A series of Salvadorean military defeats to the guerrillas, friction with the United States Embassy, and working-class unrest have created a government crisis. El Salvador is flooded with rumors of an impending coup.
The government is denying that a coup is imminent on radio and in the local papers. But the clandestine rebel radio station has reported for the past three days that Gen. Jaime Abdul Gutierrez has seized power and will force provisional President Alvaro Magana out of office.
The radio reports that Gutierrez, one of two military leaders in the ''reformist'' coup of 1979, has received US backing.
Gutierrez has denied the charges but added, ''Any change would have to be for the better.''
The general, who remains on active duty but does not have a command, recently suggested there is enough dissatisfaction within the military to oust the government.
Coup rumors here were fueled by the unexpected visit of four high-ranking US officials to the capital in the past four days, including Undersecretary for Defense Fred Ikle.
Rumors are part of daily life in this country where information is tightly controlled and often manipulated.
A coup might have been thwarted, might be in the works, or may never have been considered. Any of these are possible since hard information is often unavailable.
Nevertheless, it is clear the government is facing its severest test of powersince taking control in the 1982 elections.
Laborers, whose salaries have been frozen since 1979, have difficulty affording basic commodities for their families. Food prices have doubled and even tripled in the past four years. The unemployment rate is between 40 and 50 percent.
The month-long stalemate in the Constituent Assembly over the agrarian reform is interpreted by proponents as the result of an ultra-right effort to stymie political reforms. Many observers here, including Gutierrez, now view the assembly as ineffectual and powerless.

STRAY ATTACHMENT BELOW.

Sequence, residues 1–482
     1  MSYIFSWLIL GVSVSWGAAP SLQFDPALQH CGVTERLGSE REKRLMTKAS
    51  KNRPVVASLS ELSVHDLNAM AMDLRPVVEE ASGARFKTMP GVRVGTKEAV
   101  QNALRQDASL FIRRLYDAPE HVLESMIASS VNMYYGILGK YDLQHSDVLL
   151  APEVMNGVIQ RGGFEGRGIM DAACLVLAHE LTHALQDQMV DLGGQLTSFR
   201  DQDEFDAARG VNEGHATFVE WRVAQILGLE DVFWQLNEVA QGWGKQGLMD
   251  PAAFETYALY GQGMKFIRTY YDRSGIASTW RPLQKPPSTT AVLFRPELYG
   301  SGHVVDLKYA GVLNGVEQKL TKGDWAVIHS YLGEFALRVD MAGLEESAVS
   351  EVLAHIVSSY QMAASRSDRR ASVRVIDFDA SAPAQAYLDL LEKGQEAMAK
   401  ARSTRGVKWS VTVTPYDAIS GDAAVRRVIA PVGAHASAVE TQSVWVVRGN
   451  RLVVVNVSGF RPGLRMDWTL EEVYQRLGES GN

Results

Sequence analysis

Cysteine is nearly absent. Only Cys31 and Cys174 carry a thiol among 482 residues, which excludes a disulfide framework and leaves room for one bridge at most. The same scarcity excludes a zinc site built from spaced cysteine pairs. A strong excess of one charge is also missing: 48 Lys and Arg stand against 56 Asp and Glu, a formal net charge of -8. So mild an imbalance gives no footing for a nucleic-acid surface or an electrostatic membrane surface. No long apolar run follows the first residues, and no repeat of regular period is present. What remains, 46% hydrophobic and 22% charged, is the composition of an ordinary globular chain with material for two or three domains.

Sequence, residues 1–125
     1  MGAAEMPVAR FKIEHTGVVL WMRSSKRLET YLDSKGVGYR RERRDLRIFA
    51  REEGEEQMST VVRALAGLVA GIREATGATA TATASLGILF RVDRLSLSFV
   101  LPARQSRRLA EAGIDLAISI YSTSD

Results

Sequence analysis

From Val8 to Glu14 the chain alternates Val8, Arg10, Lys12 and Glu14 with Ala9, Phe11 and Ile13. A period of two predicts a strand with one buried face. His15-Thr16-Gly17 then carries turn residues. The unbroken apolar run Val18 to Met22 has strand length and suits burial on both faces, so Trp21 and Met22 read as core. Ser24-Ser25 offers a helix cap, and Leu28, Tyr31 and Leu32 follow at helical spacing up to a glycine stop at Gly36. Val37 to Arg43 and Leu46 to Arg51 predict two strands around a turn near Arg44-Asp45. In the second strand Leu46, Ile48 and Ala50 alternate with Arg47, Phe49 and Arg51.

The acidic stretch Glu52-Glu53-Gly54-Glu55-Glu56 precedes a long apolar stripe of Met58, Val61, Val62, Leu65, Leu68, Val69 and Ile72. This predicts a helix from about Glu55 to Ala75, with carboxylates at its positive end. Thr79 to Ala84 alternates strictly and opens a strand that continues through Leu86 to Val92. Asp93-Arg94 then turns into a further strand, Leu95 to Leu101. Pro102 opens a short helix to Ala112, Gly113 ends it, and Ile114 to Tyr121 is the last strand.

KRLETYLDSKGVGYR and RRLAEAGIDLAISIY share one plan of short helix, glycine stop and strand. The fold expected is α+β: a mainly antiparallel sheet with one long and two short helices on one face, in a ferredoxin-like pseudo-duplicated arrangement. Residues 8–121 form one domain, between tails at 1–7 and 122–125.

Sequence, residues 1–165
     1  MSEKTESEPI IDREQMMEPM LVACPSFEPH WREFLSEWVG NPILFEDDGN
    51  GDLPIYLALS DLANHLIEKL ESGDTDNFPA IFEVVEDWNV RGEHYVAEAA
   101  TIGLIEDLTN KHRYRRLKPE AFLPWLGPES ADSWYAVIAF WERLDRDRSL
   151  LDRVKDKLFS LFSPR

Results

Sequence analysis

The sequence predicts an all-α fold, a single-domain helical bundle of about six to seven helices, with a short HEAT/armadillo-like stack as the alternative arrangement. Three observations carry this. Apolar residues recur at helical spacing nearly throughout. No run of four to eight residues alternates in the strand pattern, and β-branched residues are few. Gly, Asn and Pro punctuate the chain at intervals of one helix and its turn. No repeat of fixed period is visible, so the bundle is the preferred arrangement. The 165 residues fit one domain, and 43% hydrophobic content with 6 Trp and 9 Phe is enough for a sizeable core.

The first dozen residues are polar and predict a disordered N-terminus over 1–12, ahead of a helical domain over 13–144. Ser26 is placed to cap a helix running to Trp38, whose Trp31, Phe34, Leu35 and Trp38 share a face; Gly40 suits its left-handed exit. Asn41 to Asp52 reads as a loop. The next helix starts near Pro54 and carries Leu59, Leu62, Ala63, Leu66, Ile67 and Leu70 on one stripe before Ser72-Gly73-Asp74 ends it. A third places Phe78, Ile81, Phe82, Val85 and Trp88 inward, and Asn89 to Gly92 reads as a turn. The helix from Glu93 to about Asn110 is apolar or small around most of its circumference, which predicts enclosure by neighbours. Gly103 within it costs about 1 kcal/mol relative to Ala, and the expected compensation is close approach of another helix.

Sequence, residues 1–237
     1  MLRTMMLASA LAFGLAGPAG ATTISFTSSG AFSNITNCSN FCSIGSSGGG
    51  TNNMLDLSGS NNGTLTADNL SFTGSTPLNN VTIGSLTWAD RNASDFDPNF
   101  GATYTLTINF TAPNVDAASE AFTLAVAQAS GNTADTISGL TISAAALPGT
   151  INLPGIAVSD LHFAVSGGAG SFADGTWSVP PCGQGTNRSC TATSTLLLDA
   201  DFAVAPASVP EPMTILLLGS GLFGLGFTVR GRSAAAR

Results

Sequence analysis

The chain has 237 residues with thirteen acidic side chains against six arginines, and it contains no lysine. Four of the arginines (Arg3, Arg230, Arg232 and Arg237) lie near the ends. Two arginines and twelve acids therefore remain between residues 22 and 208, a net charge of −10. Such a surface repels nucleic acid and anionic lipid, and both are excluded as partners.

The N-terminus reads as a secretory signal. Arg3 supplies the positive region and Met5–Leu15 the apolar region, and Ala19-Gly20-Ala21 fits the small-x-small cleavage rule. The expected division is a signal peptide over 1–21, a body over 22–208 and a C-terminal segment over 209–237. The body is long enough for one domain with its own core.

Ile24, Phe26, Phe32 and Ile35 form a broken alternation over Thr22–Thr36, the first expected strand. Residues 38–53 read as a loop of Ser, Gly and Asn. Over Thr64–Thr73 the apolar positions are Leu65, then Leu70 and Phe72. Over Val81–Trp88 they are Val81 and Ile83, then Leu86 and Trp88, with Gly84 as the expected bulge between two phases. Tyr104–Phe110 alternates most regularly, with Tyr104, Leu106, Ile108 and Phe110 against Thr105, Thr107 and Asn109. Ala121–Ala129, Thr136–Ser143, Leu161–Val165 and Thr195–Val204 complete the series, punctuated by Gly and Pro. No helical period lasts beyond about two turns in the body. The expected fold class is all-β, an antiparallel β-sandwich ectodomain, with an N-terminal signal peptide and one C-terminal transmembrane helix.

The new military offensive by the guerrillas of the Farabundo Marti National Liberation Front is proving disastrous for the Army. Insurgent forces have taken over 60 towns in the last two months. There are reports of new recruits fleeing from battle or waiting for rebels to withdraw before reoccupying villages.
Two hundred troops in the northern province of Morazan were reported by sources there to have refused orders to go into combat a few weeks ago.
Salvadorean sources attribute the military failures to a lack of motivation by both troops and officers.
The crisis has been accompanied by a series of threats, abductions, and murders by death squads against leading intellectuals, church officials, union leaders, and even government officials.
''The oligarchy,'' says one observer says, ''is finding that they can no longer stifle the opposition through terror. Rather than understand this . . . they are striking out against everyone around them. . . . They still have enough power and enough venom to make the next few months some of the worst in the history of El Salvador.''
In the guerrilla-controlled zones, insurgents are full alert. Guerrilla troops in the province of San Miguel claim the US is preparing an invasion by Guatemalan and possibly Honduran troops into El Salvador.
''I am sure,'' said a guerrilla who once worked as a busboy in Washington, D.C., ''these foreign mercenaries will have no more desire to confront us than the Salvadorean Army.''
The rebel radio has reported that 4,000 Guatemalan troops have massed in four border towns. The radio reports that Honduran soldiers are positioned in Jicaro Galan on the road that runs west to El Salvador and east to Nicaragua. The guerrilla broadcaster said they were unsure if the troops in Jicaro Galan were being massed for attacks against their forces or the Sandinistas.
This invasion, the rebels claim, has been approved by Gutierrez.